India: Tamil Nadu chief minister tries to exploit issue of Sri Lankan Tamils
16 May 2016
Jayaram Jayalalithaa, the chief minister of South Indian state of Tamil Nadu, has invoked the issue of the Sri Lankan Tamils during her party’s campaign for today's state assembly elections to boost her electoral fortunes. She was seeking to exploit widespread anger among Tamils in South India over the fate of Sri Lankan Tamils under the oppressive policies of successive governments in Colombo.
The election manifesto issued by Jayalalithaa’s ruling All India Anna Dravida Munnethra Kazhagam (AIADMK) called for “appropriate action against those responsible for the genocide of Sri Lankan Tamils and further actions including Sri Lankan Tamils to live with full freedom and dignity.” She also called for action to achieve a separate Tamil state in Sri Lanka and for the Indian central government “to grant dual citizenship right for Sri Lankan Tamils who have been living inside and outside of camps for many years in Tamil Nadu”.
In an election rally in Tiruchirappalli last month, Jayalalithaa said that her party would take “continuous steps” to create a separate Eelam in Sri Lanka.
Jayalalithaa’s and her AIADMK’s promises on Sri Lankan Tamils have nothing to do with any concern about the fate of island Tamils at the hands of successive Colombo governments and Sri Lankan Tamil refugees living in Tamil Nadu.
It is a fraud aiming to throw dust in eyes of workers and the poor in Tamil Nadu, as her record in office makes clear. Jayalalithaa has served as chief minister of Tamil Nadu in three terms—in 1991-1996, 2001-2006 and 2011 up to now.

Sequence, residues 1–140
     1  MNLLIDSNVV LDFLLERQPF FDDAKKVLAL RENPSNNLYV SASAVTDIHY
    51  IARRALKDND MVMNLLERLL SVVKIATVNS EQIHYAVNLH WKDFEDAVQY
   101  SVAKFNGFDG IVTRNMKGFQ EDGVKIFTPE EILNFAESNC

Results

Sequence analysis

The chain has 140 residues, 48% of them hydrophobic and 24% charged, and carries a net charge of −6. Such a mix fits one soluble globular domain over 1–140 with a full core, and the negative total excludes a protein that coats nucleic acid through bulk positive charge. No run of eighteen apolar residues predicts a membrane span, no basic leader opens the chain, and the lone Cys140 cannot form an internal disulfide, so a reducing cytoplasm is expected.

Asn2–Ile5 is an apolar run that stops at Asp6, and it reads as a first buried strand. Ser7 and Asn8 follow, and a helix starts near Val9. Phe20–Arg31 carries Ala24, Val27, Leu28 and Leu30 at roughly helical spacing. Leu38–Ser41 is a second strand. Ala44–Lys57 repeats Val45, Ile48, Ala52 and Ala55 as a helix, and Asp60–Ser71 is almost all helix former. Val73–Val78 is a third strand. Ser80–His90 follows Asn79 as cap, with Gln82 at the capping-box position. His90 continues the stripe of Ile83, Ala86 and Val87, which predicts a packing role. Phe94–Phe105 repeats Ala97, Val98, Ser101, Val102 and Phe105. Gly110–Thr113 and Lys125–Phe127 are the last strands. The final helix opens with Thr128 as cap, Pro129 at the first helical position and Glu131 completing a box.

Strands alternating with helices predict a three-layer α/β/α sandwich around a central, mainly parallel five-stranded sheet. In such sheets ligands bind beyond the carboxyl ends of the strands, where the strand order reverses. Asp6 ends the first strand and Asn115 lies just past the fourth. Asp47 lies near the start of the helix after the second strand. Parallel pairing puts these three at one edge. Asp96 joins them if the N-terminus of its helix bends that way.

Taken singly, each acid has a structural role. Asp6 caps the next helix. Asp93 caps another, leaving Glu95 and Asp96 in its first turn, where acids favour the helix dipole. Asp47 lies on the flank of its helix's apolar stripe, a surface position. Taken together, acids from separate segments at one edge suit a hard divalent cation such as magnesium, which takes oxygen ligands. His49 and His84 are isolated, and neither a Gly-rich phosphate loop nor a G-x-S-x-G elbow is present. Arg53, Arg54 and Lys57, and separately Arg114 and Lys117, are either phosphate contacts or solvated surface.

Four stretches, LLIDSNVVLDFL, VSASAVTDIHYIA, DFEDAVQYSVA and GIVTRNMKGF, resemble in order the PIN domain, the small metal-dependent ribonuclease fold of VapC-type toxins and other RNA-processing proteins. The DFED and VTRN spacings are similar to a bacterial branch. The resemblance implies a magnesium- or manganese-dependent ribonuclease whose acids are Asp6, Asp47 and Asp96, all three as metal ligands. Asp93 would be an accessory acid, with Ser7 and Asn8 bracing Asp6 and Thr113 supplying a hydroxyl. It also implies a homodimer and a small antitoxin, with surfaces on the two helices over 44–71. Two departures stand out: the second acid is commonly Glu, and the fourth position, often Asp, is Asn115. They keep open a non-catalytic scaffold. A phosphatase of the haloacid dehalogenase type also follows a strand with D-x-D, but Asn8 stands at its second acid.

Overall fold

Yet the vast majority of the tens of thousands of Sri Lankan Tamils who had to flee to India due to the anti-Tamil communal pogroms of July 1983 and the quarter-century-long Sri Lankan civil war that followed still live in Tamil Nadu under abysmal conditions. They face continuous harassment from Indian intelligence. Jayalalithaa’s AIADMK or its rival DMK, which have shared state office in Tamil Nadu between them, failed to improve conditions of Sri Lankan refugees.
Jayalalithaa is particularly notorious for her public backing for successive Colombo governments' reactionary war against the separatist Liberation Tigers of Tamil Eelam (LTTE). She is well known for her hostility to the oppressed Tamil masses in Sri Lanka and India.
After the 1991 assassination of Rajiv Gandhi, then the leader and prime ministerial candidate of the Congress, the traditional ruling party of the Indian bourgeoisie, by the LTTE, she demanded the central government ban the LTTE. She used draconian anti-terrorist acts, like the Terrorist and Disruptive Activities Act (TADA) and Prevention of Terrorism Act (POTA), against LTTE sympathizers and her political opponents in Tamil Nadu.
Jayalalithaa continued to support the anti-Tamil racialist war in Sri Lanka after President Mahinda Rajapakse resumed it in 2006. Even during the final phase of war, where thousands of people died and hundreds of thousands of innocent Tamils were displaced, she cynically justified Tamil civilian casualties, claiming that civilian deaths are “inevitable in a war.”